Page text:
Cameron Wurf’s Vuelta Diary – No easy days

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Today had the potential to go one of two ways; full gas or nice and easy. Stage 13 looked ideal for a breakaway to take the spoils and the only questions were how long it would take the break to form, and which riders would make it.

Sure enough the full gas scenario panned out. Everybody wanted to be in the break which meant there was always somebody not in it that wanted to be in it. Consequently there was always someone on the front going hell for leather which kept the peloton in single file for the first 65km!

When the break formed it contained 15+ riders. This was due to the fact there were only about 60 riders left in the peloton when it formed. It was bound to have some GC men inside it. A break like this only contains the strongest of riders. You always have the utmost respect for the riders in an escape on days like today as basically the whole peloton wanted to be in it!

While there wasn’t anyone in the break who threatened Nibali’s red jersey, there were a couple that threatened Ivan’s position so we were immediately placed on standby to work if necessary. So with a dangerous break up the road the pace never relented and before we knew it we were at the base of the day’s potentially decisive climb 50km before the finish.

The climb was 4km long and averaged 10% which on paper doesn’t seem so daunting. But you start to learn that there’s “10%” and then there’s a “Spanish 10% average” climb. While in most other places on Earth this type of climb would be constant and manageable, a Spanish version is anything but! The Spanish version prefers to have ramps of 20% followed by a little bit of flat, even a small descent, the BOOF – another few hundred meters at 20%.

With my broken rib and getting out of the saddle being extremely painful, you can imagine how much I enjoyed this 4km of suffering! I simply had to take it steady and stay as close to the front as possible, suck it up, stay in the saddle, and save my energy to come to the front group on the descent and flat section before the finish. As it turned out I was not too far off the back of the main field over the top of the climb and was back with Ivan sooner than I expected to be. Once there it was time to swing into action!

As expected, the breakaway had splintered on the climb in the same way that the peloton had. The front group containing a couple of GC contenders was now three minutes up the road with those riders threatening to pass Ivan on GC. Ivan gave me the nod and I was finally where I loved being: on the front of the peloton! But it was important not panic and blow myself to bits. The most important thing was to send a message the strong riders up the road that they were not going to be able to ride peacefully into the sunset.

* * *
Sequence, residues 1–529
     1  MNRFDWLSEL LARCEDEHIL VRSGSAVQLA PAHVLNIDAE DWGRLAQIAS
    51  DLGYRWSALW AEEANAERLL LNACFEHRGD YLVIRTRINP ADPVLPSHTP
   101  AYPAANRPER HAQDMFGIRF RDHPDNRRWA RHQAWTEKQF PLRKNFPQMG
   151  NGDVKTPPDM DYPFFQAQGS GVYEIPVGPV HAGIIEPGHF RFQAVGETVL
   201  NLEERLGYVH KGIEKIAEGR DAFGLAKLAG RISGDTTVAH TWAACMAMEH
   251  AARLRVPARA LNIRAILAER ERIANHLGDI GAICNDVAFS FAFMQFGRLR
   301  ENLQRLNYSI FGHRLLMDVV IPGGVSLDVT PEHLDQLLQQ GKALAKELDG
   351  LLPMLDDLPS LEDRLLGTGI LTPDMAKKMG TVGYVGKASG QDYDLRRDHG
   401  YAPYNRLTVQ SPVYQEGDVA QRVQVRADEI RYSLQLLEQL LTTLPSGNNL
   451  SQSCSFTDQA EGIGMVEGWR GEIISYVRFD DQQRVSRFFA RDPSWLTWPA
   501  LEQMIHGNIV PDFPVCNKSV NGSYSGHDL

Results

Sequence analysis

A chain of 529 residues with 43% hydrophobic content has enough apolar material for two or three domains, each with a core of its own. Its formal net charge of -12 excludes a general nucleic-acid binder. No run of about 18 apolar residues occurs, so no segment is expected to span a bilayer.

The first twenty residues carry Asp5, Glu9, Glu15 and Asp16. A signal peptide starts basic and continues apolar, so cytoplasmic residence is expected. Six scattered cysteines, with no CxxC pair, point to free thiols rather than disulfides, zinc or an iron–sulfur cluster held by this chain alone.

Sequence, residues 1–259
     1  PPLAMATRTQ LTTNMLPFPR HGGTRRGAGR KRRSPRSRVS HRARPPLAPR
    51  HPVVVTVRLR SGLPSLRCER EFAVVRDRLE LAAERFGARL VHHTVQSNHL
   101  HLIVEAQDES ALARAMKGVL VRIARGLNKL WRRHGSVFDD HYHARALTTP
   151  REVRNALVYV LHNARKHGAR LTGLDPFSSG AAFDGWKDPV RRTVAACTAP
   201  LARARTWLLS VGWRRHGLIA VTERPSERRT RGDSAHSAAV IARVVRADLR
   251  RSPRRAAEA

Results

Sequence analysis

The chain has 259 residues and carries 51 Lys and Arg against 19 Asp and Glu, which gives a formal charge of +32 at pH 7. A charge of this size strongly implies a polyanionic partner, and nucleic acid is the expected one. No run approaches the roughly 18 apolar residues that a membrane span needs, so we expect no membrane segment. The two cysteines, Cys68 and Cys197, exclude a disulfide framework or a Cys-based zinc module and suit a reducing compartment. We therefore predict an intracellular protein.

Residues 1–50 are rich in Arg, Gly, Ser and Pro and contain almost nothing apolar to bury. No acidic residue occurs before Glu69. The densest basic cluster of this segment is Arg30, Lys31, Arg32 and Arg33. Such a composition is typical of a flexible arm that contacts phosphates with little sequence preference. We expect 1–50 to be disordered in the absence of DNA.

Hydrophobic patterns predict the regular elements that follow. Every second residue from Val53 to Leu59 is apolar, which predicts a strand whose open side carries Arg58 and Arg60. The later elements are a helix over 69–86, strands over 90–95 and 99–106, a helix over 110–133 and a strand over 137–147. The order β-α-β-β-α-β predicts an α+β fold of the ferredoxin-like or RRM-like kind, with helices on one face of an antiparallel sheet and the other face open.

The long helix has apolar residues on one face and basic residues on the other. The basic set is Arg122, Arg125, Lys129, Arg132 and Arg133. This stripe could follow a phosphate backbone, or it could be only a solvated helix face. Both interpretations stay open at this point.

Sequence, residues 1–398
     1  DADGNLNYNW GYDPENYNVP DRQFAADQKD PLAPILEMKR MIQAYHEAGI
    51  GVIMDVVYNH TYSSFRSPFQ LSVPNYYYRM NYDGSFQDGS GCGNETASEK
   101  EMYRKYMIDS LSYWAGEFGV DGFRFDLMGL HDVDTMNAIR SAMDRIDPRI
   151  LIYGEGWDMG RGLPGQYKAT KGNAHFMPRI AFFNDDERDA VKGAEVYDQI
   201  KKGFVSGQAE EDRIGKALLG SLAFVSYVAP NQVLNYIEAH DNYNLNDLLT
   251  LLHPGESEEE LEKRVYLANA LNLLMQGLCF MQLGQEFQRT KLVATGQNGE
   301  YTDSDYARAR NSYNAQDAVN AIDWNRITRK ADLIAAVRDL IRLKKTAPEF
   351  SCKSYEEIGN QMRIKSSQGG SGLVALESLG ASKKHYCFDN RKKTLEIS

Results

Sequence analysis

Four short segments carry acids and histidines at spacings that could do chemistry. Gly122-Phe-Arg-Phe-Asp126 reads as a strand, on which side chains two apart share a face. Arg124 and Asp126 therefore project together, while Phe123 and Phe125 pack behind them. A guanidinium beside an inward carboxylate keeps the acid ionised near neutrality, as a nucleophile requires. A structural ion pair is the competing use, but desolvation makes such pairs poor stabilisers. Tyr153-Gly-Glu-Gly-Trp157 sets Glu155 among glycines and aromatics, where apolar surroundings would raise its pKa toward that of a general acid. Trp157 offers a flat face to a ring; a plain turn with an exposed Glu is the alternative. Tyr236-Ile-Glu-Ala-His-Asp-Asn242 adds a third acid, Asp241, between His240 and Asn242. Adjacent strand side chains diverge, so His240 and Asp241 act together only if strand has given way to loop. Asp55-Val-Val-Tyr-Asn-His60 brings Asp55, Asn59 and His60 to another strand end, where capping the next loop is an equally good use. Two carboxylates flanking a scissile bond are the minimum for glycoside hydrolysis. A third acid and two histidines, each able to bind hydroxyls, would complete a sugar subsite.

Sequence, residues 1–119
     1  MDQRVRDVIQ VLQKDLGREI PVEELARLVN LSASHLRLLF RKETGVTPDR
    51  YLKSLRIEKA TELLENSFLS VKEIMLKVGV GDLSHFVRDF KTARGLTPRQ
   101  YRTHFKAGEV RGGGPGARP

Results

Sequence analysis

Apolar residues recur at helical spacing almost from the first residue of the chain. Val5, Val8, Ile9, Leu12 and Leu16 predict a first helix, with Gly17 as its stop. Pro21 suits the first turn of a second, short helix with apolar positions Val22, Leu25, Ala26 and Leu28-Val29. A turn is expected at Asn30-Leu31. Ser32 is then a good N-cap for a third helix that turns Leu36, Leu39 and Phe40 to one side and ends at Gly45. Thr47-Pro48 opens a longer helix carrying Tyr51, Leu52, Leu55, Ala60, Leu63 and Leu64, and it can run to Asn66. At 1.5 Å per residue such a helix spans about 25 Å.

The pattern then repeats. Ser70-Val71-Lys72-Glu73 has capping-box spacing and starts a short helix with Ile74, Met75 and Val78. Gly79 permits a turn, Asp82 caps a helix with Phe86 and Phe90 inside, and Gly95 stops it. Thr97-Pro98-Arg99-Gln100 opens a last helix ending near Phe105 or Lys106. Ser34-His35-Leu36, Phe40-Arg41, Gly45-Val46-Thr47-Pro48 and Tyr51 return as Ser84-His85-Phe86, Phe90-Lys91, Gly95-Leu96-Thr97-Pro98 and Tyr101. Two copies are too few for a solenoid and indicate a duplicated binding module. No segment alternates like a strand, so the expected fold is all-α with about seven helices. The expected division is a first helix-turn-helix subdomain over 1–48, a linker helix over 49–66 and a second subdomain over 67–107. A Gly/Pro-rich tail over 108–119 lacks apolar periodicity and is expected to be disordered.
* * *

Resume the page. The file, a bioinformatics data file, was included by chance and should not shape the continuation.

So first I simply stabilised the gap at three minutes so I could sense how hard the break was riding. Pretty quickly I realised that they were going pretty damn hard as my SRM was spending a lot of time north of 500 watts for 5km or so! Fortunately FDJ were in the same situation and they sent a few riders up to help me. This gave me some time to recover and turn up the ratchet when I did my pulls.

Soon the gap was down to 2:30 and when I finished my next pull it was back to 2 minutes. Ivan told me to take a breather and FDJ could take care of things for the final 15km.

Unfortunately one by one the boys in blue started to fade and the pace went out of the peloton. I immediately got the nod from Ivan to not chase hard again but merely keep the pace steady just to be certain our hard work was not wasted. It’s always best to shut this stuff down immediately otherwise you have to ride even harder! Best to pull for longer at a more tranquil tempo than go all-out and blow yourself to bits.

At 10km remaining OPQS sensed they could pull things back for a sprint finish and Tony Martin pulled past me at a pace that there was no way I could follow. I tried briefly but I was doing over 600 watts and we had gapped the field. So I said ‘bugger this’ and waited for the bunch which Martin also realised was the better option. So now I was officially off duty. Ivan had Longo and Paterski to pilot him into the final kilometers safely and I dropped to the back of the group.

When I got to the back of the bunch Fabian Cancellara pulled up beside me. He told me that he was impressed with my persistence with the broken rib and suggested that the restricted breathing is a bit like altitude training! Great … I get to do another 8 days feeling like I am breathing through a straw.

Anyway, it made my day to get a compliment like that from Fabian. He is a huge role model for me and to be honest the fact he even speaks to me has been one of the most enjoyable parts of the second half of this season for me. I am absolutely in awe of guys like him and it’s awesome to be getting the chance to not only race alongside him but also be able to have a good chin-wag from time to time.

I want to make it clear that I if I am going to continue in the race, I need to contribute to the team. The moment I start putting my pain at the forefront of things will be the moment I am no use to anyone, so I don’t want be in that space.

Ivan showed his diligence again by finishing at the head of the main field. Another day and again he stayed in the GC fight so that was the objective. Tomorrow marks the first stage in the high mountains so I’m looking forward to getting stuck into that.

Time to get some sleep and get ready for tomorrow!

Race data

– 170km in 4hrs 5min
– Average power: 283 watts
– Average heart rate: 147bpm
– Kcal burnt: 4200
– Max power: 1040 watts
– Max heart rate: 182 (my ribs won’t let my lungs and heart push any harder than this point! Its a bit like having a rev limiter on!! Hopefully it’s enough to keep me in the action)

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